It’s always good to hear viewpoints from ‘the other side’ and the inspirational Kate McFarland is now the Assistant Waste Partnership and Strategy Officer for Norfolk County Council.
In the book, she offers great insight to the ‘Zero Waste Week’ initiatives that are taking place around the country and in this extended interview, she gives up her thoughts to a few chewy questions and has one absolute flight of sustainable fancy!
Q1) Is it true what ‘they’ are telling us about landfill?
Are we really running out of time to use this option to get rid of our black bags and if so, what’s going to happen next?
A1) In the words of the dog from that insurance advert, “Ooooooh yes!”
The world of celebrity is so mightilypowerful; in truth, it’s probably immeasurable.
One of my hopes in writing ‘The Book of Rubbish Ideas’ was that I might be able to tap into some of this energy and encourage changes in sustainable behaviour by showing how the international ‘stars’ do green!
These days, the definition of ‘celebrity’ seems to be in a perpetual state of evolution, as the parameters continue to open ever wider, so I’ll quote the current definition of one from Wikipedia.
‘A celebrity is a widely recognized or famous person who commands a high degree of public and media attention. The word stems from the Latin verb “celebrere” but they may not become a celebrity unless public and mass media interest is piqued.’
People in the publiceye can influence fashion changes, eating habits and beauty product purchases in a heartbeat and I think as a resource for encouraging positive eco-change, it remains relatively untapped, so hereto lays my quest!
I’ve been quietly pondering for at least 5 minutes, wondering what to call this recipe and the best I can muster is, ‘Rubbish Flatbreads’.
Not because they are ‘rubbish’, quite the contrary, they are delicious and usually disappear off the plate as fast as I can cook them!
I often rustle them up with ingredients from what many people would throw into the bin; I happily use the leftovers from an earlier meal and this is how they’ve earned their trashy title.
If you’ve never made it before, bread can seem like the most terrifying of all things to cook. It uses yeast, yeast is live and if it all goes horribly wrong it couldexplode and line the walls of the kitchen! Eeek!
Actually, it’s nowhere near as scary and it certainly won’t explode, I promise you. But it might do a long slow rise and catch you out…like it did me…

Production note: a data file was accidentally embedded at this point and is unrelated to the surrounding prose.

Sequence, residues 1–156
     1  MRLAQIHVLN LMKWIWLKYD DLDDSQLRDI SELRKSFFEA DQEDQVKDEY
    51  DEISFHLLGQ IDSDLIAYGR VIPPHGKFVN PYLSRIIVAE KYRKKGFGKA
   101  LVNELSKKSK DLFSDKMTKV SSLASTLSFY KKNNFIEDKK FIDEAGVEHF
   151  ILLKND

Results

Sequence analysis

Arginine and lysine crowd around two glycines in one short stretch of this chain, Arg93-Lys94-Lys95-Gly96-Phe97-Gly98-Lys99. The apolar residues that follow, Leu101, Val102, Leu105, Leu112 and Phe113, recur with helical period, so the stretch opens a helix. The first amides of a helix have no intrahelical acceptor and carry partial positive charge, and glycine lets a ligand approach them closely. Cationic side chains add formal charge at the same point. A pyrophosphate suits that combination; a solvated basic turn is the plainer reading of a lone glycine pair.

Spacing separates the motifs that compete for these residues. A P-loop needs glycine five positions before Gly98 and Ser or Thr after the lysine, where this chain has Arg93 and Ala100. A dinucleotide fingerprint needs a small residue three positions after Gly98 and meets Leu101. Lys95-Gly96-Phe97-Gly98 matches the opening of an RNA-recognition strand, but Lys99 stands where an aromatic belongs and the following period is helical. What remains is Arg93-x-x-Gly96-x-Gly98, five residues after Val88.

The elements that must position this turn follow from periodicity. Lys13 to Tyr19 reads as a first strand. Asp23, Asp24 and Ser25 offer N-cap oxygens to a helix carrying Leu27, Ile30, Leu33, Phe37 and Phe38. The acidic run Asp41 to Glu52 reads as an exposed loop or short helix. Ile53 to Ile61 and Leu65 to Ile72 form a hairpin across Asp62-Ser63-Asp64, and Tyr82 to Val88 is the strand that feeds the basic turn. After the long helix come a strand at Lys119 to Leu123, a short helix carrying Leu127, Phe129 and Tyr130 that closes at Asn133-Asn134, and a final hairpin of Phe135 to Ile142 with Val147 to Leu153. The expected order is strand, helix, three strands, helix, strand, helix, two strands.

So what is a Transition Town (village, city, forest or island for that matter)?
In their own words, it is: – “A community working together to look Peak Oil and Climate Change squarely in the eye and address this BIG question: “For all those aspects of life that this community needs in order to sustain itself and thrive, how do we significantly increase resilience (to mitigate the effects of Peak Oil) and drastically reduce carbon emissions (to mitigate the effects of Climate Change)?”
It sounds like a bit of a mouthful at first I know, but once you get your head around the concept it’s pretty straightforward and by heeding it’s recommendations, you can make an immediate and considerable difference to reducing your rubbish too!
Last night, I attended the inaugural meeting for my village to become a Transition Town (or should I say, a Transition Village, but the movement’s called Transition Town, oh you get the idea, don’t be picky)…
The Transition Town initiative was set up by a guy called Rob Hopkins, who is now in hot demand by feature writers up and down the country, all queuing to explore his concept of ‘everyday life, post-oil’; me included. His book, ‘The Transition Handbook’ sets out his vision of a solution.
So what is a Transition Town (village, city, forest or island for that matter)?
I do and what’s bizarre is some 30ish years later, kids are still coining the phrase!
In the UK we consume copious amounts of tinned baked beans. Supermarkets have been selling them as loss leaders for years in the eternal hope that you’ll fill your trolley with other things and you have to admit, they’re a yummy accompaniment to a simple meal and they represent a crucial 50% of that classic teatime duo, beans on toast.